To a solution of 1-hydroxy-2-(4-methoxyphenyl)-6-methoxynaphthalene (3.17 g, 11.32 mmol) in 40 mL of anhydrous DMF at room temperature was added solid KO-t-Bu (1.52 g, 13.60 mmol). The dark solution was stirred for 15 min., then treated with 4-fluoronitrobenzene (3.20 g, 22.64 mmol, added as a solution in 10 mL, of DMF). The resulting mixture was warmed to 50° C. for 3 h, then cooled to room temperature. The reaction was then distributed between EtOAc/H2 O (200 mL ea.). The layers were separated, and the organic was washed several times with H2 O. The organic was then dried (Na2 SO4), and concentrated in vacuo to a yellow solid. Recrystallization from hexanes/EtOAc provided 3.68 g (81%) of 1-(4-NITRO)PHENOXY-2-(4-methoxyphenyl)-6-methoxynaphthalene as a yellow solid. mp 142-146° C.

PMR: (DMSO-d6) d 8.10 (d, J=8.0 Hz, 2H), 7.92 (d, J=8.0 Hz, 1H), 7.63 (t (overlapping doublets, J=8.1 Hz, 2H), 7.51 (d, J=8.0 Hz, 2H), 7.48 (dd, J=2.7 Hz, 1H), 7.20 (dd, J=8.0, 2.8 Hz, 1H), 6.92 (d, J=8.0 Hz, 2H), 6.83 (d, J=8.0 Hz, 2H), 3.92 (s, 3H), 3.72 (s, 3H). MS: m/e=402 FD EA: Calcd. for C24 H19 NO5 : C, 71.81; H, 4.77; N, 3.49. Found: C, 72.11; H, 4.85; N, 3.70.

PREPARATION 8 1-(4-Aminophenoxy)-2-(4-methoxyphenyl)-6-methoxynaphthalene

1-(4-Nitrophenoxy)-2-(4-methoxyphenyl)-6-methoxynaphthalene (2.28 g, 5.68 mmol) was dissolved in 50 mL of 1:1 EtOH:EtOAc. To this solution was added 10% Pd/C (0.50 g). The resulting mixture was hydrogenated at 40 psi. When TLC indicated that the reduction was complete, the solution was passed through a pad of Celite to remove catalyst. The filtrate was concentrated in vacuo to an oil that solidified on standing. Isolation provided 1.68 g (81%) of 1-(4-amino)phenoxy-2-(4-methoxyphenyl)-6-methoxynaphthalene as an off-white solid. mp 158-160° C.

PMR: (DMSO-d6) d 7.79 (d, J=8.0 Hz, 1H), 7.72 (d, J=8.1 Hz, 1H), 7.58 (d, J=8.1 Hz, 1H), 7.51 (d, J=8.0 Hz, 2H), 7.40 (d, J=2.8 Hz, 1H), 7.13 (dd, J=8.0, 2.8 Hz, 1H), 6.92 (d, J=8.0 Hz, 2H), 6.38 (s, 4H). MS: m/e=371 FD EA: Calcd. for C24 H21 NO3 : C, 77.61; H, 5.70; N, 3.77. Found: C, 77.79; H, 5.86; N, 3.77.

PREPARATION 9 1- 4-(2-Chloroacetylamido)phenoxy!-2-(4-methoxyphenyl)-6-methoxynaphthalene

A solution was prepared of 1.03 g (2.7 mmol) of 1-(4-aminophenoxy)-2-(4-methoxyphenyl)-6-methoxynaphthalene and 745 mg (5.4 mmol) of K2 CO3 in 15 mL of acetone. To this solution was slowly added 362 mg (0.26 mL, 5.4 mmol) of 2-CHLOROACETYLCHLORIDE. The reaction was allowed to proceed at ambient temperature under a nitrogen atmosphere for one hour. The solvent was evaporated and residue suspended in 50 mL of water. The aqueous suspension was extracted three times with 25 mL portions of EtOAc. The combined EtOAc extracts was washed with water, brine, dried with Na2 SO4, and evaporated to dryness. This yielded 1.2 g of the title compound as a tan amorphous solid.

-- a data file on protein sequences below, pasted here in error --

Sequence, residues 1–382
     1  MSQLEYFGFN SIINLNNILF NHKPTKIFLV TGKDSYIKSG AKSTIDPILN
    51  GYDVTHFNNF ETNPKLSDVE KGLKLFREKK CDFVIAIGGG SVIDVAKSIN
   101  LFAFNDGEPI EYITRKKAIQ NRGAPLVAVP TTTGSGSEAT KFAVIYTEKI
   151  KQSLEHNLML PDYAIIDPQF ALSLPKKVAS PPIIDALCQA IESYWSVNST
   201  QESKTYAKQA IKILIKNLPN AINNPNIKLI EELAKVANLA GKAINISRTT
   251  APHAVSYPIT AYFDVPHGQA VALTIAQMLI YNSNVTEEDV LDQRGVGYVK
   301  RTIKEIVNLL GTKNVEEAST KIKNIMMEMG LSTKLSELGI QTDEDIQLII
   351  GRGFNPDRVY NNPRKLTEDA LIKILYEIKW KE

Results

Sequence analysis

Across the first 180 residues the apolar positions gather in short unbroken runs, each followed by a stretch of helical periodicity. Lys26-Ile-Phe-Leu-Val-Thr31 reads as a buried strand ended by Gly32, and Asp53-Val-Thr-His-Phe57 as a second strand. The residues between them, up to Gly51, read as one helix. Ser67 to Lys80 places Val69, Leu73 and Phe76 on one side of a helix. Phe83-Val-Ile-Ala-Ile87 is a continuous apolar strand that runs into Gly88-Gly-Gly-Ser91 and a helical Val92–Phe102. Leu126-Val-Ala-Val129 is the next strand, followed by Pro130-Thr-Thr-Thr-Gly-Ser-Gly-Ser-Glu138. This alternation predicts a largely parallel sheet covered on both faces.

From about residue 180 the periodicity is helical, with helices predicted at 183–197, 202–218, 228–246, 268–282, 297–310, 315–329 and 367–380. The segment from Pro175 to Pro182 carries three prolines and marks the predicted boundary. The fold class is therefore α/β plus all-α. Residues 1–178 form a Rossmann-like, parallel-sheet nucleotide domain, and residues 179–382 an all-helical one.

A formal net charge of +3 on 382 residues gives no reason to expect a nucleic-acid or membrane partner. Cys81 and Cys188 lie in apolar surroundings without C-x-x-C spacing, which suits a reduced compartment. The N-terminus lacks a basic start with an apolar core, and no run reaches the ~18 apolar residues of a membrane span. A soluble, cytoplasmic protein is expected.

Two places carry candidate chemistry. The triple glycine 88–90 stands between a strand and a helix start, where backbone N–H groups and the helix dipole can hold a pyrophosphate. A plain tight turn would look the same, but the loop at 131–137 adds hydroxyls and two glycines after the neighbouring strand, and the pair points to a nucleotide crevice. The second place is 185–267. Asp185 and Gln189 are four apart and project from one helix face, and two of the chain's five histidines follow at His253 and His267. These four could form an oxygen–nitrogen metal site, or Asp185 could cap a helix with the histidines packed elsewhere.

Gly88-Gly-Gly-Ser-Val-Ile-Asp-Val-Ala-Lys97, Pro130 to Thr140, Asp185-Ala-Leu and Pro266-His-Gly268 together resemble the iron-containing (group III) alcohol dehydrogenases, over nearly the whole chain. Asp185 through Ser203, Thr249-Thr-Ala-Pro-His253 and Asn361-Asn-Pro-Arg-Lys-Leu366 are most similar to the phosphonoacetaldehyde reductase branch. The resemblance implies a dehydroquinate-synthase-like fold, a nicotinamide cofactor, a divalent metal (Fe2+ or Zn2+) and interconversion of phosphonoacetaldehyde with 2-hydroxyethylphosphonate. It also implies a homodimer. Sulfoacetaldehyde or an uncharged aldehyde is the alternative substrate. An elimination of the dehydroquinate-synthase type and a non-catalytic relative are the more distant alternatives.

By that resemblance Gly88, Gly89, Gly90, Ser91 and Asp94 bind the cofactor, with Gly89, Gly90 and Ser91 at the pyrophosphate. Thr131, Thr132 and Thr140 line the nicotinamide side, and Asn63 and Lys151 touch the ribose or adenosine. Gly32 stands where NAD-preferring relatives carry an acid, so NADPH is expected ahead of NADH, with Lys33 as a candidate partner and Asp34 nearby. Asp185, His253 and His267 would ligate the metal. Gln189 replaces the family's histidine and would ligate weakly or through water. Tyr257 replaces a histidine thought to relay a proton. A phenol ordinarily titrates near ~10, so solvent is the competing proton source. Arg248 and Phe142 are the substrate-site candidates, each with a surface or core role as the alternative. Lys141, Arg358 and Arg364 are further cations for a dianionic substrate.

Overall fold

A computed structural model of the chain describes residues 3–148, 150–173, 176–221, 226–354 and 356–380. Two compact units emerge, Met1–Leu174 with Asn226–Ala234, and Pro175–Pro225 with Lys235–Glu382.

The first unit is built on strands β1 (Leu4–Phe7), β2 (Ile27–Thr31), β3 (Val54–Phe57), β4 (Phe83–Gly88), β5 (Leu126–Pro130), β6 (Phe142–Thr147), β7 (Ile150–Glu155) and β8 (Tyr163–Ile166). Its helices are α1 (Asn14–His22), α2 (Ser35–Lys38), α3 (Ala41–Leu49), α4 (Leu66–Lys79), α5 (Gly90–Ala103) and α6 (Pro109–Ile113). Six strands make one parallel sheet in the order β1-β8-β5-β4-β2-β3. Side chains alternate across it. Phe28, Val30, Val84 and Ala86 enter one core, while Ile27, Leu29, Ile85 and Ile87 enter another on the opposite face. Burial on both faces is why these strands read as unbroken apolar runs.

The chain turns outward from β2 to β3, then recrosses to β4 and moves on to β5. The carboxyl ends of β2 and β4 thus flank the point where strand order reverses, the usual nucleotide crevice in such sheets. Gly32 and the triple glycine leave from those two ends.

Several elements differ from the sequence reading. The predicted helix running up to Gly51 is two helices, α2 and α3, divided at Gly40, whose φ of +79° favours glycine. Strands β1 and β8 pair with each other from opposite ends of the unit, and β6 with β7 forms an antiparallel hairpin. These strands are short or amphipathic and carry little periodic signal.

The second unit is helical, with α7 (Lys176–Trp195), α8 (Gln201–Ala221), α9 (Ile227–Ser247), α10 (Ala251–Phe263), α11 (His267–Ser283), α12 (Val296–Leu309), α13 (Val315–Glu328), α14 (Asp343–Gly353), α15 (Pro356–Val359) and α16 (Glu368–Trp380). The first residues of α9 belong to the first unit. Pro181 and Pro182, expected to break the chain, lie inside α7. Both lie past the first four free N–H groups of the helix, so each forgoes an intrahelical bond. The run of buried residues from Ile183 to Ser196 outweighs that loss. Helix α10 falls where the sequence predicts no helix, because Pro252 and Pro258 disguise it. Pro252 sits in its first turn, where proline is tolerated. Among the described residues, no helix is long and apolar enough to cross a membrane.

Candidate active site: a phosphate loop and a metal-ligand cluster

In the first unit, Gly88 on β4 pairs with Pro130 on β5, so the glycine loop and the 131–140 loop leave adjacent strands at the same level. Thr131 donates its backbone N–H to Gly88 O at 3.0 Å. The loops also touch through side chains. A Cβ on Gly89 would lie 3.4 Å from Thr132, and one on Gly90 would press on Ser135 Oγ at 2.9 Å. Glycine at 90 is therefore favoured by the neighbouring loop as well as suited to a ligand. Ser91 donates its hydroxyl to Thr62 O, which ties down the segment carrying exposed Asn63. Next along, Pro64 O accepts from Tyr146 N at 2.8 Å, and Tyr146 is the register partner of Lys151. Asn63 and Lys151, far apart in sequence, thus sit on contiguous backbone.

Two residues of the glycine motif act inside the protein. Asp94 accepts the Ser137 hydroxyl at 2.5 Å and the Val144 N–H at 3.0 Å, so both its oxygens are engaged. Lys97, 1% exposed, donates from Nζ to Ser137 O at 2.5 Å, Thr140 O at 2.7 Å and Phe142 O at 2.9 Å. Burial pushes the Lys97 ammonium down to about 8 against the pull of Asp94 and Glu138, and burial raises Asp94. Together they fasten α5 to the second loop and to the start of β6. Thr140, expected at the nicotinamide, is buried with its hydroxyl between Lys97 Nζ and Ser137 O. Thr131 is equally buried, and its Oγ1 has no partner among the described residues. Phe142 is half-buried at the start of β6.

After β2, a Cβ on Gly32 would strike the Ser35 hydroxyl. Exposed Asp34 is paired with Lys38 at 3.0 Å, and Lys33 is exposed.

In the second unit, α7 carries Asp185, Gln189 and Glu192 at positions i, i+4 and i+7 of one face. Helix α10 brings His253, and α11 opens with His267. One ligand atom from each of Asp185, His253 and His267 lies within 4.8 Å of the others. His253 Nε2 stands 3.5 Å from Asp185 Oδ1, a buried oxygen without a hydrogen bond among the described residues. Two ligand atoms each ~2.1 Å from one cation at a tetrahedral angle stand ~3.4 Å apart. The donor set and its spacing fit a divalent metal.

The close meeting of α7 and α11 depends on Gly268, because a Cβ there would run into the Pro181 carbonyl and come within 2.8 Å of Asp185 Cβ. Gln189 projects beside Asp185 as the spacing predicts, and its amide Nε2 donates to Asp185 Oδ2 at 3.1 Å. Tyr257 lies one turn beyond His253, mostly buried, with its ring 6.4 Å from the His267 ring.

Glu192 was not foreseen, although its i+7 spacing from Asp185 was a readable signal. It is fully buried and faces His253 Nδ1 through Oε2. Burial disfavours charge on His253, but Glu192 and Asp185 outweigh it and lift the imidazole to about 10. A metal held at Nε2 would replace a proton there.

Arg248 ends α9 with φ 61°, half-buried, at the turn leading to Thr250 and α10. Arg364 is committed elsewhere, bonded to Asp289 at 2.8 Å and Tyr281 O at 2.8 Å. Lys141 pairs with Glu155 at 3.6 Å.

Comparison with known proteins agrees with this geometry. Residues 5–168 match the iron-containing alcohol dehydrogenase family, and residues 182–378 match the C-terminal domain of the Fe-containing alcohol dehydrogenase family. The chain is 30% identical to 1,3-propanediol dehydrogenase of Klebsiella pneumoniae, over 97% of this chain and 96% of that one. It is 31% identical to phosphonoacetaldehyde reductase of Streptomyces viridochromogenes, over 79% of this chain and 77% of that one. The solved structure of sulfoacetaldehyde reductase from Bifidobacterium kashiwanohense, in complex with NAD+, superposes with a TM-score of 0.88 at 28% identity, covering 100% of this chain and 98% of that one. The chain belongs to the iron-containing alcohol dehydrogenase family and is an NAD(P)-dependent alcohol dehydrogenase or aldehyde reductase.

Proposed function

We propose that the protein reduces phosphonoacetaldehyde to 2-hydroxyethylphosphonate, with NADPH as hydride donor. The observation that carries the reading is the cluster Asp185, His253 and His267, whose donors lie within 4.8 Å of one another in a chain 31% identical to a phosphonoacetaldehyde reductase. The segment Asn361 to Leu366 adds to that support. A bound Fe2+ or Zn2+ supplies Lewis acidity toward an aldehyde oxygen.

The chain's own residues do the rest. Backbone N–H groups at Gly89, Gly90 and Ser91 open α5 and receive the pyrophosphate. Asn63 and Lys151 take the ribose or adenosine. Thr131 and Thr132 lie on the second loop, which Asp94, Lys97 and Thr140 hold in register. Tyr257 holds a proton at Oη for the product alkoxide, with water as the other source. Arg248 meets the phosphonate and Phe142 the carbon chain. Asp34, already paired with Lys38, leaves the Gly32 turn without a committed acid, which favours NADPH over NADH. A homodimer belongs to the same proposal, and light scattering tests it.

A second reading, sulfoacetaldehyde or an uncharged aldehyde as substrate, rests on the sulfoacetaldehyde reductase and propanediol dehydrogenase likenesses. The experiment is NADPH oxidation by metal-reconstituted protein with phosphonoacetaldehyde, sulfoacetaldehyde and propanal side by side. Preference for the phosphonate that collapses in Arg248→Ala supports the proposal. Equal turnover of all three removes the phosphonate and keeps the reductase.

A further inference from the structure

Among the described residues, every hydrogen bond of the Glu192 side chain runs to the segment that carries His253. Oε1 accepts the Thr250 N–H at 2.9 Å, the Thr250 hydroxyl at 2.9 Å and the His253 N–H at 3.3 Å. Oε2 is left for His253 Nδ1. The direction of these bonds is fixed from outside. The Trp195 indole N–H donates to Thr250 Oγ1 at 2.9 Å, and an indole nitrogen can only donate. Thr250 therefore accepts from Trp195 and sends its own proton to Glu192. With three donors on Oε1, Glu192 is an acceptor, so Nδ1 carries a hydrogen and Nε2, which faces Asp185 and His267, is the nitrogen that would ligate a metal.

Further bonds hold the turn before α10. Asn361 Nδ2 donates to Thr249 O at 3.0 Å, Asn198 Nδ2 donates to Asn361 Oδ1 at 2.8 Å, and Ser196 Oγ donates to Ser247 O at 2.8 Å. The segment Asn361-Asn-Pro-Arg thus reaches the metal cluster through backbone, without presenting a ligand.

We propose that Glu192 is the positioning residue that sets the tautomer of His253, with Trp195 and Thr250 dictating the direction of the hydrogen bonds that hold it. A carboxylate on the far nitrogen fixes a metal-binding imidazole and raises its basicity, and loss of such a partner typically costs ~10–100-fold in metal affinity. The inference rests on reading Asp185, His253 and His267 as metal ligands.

PMR: Consistent with the proposed structure. MS: m/e=446,448 (M) FD EA: Calc. for C26 H22 ClNO4 : C, 69.72; H, 4.95; N, 3.13 Found: C, 70.00; H, 4.72; N, 3.20.

EXAMPLE 1 1- 4- 2-(1-Piperidinyl)acetylamido!phenoxy!-2-(4-METHOXYPHENYL)-6-methoxynaphthalene

A solution was prepared of 1.2 g (2.68 mmol) of 1- 4-(2-chloroacetylamido)phenoxy!-2-(4-methoxyphenyl)-6-methoxynaphthalene and 980 mg (8.05 mmol) of piperidine hydrochloride in 20 mL of DMF. To this solution was added 1.63 g (2.25 mL, 16.2 mmol) of triethylamine. The reaction was allowed to proceed at ambient temperature under a nitrogen atmosphere for forty-eight hours. The reaction mixture was poured into 50 mL of water and was extracted three times with 25 mL portions of CH2 Cl2. The combined CH2 Cl2 extracts was washed with water, brine, dried with Na2 SO4, and evaporated to dryness. The crude product was crystallized from CH2 Cl2 --EtOAc. This yielded 609 mg of the title compound as a white powder, mp: 211-214° C.

PMR: Consistent with the proposed structure. MS: m/e=496 (M) FD EA: Calc. for C31 H32 N2 O4 : C, 74.98; H, 6.50; N, 5.64 Found: C, 75.17; H, 6.53; N, 5.69.

EXAMPLE 2 1- 4- 2-(1-Piperidinyl)acetylamido!phenoxy-2-(4-hydroxyphenyl)-6-hydroxynaphthalene Hydrochloride